Lines to Murphy.

[The following lines, which first appeared some months since
in a periodical work of limited circulation, are obligingly placed
our disposal by the author—the same individual who composed
Tonis ad resto Mare.”]
Oh, Murphy, Murphy, I am sore afraid1
You’re but a poor and sorry common-tator ;2
A very tyro in the weather trade,3
And all unfit for Jack Frost’s legislator.4
Your foggy days, alas ! are clear and fine,5
Your cold and rainy all are warm and sunny ;6
Each following day belies your every line,7
And proves your want of science and of money.8
What ails your hail that it will not come down ?9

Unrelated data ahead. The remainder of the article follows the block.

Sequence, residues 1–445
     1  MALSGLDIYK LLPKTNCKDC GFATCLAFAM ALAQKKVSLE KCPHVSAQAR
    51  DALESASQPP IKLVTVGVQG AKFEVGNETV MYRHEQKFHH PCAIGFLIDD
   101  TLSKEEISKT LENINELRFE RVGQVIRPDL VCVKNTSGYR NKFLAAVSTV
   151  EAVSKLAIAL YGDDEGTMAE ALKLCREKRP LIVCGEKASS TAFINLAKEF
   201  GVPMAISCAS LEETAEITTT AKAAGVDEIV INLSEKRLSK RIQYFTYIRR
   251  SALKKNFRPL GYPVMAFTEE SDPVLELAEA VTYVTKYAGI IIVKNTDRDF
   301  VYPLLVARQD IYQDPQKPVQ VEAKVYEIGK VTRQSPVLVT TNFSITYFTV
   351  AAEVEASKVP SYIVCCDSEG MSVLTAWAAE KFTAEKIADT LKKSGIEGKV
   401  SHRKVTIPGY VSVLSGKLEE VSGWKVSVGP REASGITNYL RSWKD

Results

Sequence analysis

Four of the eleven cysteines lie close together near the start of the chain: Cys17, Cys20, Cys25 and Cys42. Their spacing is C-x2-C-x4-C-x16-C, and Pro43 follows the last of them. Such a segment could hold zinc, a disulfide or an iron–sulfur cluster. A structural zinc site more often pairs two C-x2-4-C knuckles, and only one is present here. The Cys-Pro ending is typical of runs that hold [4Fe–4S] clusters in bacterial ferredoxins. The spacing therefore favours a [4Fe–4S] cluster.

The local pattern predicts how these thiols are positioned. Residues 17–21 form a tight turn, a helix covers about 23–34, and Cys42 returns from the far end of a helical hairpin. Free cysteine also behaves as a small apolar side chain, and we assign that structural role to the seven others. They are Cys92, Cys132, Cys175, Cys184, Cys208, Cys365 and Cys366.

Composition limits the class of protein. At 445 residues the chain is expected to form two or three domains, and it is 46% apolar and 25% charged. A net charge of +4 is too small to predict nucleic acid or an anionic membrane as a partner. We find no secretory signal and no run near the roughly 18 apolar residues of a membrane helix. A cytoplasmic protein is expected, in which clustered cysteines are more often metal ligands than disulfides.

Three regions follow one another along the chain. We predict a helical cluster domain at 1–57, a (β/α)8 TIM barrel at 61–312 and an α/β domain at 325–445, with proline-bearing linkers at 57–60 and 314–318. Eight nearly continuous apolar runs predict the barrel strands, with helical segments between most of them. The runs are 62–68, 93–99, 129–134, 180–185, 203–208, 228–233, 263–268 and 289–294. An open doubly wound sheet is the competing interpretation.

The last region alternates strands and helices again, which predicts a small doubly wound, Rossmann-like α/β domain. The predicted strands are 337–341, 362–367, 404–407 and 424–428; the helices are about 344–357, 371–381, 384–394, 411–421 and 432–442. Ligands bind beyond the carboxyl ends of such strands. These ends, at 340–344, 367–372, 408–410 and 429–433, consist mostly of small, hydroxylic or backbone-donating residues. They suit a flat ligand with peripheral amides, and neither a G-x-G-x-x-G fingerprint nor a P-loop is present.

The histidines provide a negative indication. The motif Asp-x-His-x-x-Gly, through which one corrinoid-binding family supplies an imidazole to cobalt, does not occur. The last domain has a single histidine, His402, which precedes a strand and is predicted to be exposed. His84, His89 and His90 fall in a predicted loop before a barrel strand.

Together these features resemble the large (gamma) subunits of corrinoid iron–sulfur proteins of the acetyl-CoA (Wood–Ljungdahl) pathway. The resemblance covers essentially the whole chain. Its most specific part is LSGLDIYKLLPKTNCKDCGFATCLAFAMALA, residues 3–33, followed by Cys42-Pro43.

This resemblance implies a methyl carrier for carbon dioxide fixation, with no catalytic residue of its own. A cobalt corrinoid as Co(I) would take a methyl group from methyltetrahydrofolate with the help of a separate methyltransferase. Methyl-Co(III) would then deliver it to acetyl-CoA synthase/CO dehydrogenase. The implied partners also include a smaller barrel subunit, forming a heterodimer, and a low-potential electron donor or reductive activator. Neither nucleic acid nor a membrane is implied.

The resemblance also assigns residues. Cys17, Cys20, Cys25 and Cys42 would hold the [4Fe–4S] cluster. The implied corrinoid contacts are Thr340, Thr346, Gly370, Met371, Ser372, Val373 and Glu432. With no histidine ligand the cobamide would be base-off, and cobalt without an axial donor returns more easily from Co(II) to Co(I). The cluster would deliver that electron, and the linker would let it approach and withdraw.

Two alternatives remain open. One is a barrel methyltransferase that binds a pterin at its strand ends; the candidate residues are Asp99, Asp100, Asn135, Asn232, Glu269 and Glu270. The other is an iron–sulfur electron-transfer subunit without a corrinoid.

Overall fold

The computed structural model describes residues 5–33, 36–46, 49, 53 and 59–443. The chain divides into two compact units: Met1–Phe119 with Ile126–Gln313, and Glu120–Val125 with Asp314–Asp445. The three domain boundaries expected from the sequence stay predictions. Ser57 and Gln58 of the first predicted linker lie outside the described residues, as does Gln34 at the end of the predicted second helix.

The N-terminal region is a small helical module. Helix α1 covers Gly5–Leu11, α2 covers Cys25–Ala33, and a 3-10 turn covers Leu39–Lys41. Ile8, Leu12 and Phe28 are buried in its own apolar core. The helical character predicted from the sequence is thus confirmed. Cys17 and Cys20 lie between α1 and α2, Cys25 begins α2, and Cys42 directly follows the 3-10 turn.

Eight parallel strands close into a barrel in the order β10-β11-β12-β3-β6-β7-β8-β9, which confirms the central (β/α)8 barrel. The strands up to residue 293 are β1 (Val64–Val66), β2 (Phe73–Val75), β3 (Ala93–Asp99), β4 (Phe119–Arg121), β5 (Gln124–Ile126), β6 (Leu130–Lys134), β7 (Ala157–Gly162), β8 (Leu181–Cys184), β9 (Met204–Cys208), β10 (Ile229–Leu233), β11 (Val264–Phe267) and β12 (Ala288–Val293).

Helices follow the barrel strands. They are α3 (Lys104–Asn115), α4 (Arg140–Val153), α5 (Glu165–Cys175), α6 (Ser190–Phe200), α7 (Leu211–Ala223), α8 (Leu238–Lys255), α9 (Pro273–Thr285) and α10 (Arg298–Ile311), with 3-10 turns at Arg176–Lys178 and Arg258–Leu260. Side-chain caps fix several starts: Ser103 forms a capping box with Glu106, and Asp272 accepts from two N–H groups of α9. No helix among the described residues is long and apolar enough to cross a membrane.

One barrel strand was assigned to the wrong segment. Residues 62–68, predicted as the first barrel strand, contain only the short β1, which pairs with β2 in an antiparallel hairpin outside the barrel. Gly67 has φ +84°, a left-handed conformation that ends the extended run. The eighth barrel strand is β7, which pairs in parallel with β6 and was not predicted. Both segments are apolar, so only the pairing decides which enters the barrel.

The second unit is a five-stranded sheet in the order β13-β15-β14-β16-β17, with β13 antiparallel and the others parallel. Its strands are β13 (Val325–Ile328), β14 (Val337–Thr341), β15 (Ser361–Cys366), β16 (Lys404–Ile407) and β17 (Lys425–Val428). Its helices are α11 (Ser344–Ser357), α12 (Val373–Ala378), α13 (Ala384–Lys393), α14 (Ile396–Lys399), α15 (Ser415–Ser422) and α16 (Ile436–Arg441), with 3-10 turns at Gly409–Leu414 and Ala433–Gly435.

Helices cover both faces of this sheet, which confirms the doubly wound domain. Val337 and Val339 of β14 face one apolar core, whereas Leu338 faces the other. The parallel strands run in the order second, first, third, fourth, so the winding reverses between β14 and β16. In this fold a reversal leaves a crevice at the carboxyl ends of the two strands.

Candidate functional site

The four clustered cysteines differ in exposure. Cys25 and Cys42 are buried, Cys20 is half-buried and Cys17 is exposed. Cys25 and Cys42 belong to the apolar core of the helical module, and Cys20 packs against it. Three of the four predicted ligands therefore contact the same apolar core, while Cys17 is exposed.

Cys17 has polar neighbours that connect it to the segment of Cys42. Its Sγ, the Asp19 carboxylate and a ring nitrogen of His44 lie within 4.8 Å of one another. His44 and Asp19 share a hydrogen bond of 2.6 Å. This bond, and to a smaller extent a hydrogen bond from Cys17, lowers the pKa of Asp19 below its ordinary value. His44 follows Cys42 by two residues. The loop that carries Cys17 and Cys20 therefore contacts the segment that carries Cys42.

Why does your Phœbus fib us, too, like this ?10
Why does your thunder disappoint the town,11
In your ephemeral Ephemeris ?12
Your meteorologic logic pray revise,13
Your problems too, so very problematic ;14
And if, moon-struck, you still must theorise,15
Let not your comet course be so erratic.16
Your reign will end before the rain begins,17
And down to Zero sink your reputation ;18
Fog, Meteor, Vapour, all will kick your shins,19
And change your altitude to declination.20
The powers above—Aries, et cetera,21
Libra, Aquarius, Sagittarius—all22
Will be indignant at thy exposé,23
And stop, methinks, thy Comic Annual.24
The planets, too, will doubtless join the wars,25
Stop thy diurnal, annual rotation ;26
And, thy Urania mania marred by Mars.27
Thou wilt not well escape a good gyration.28
But fare you well, my weather-beaten boy ;29
I’ll bid good-bye, with every wish that’s kind :30
May all your future days be fine and dry,31
And you still make a breeze and raise the wind.32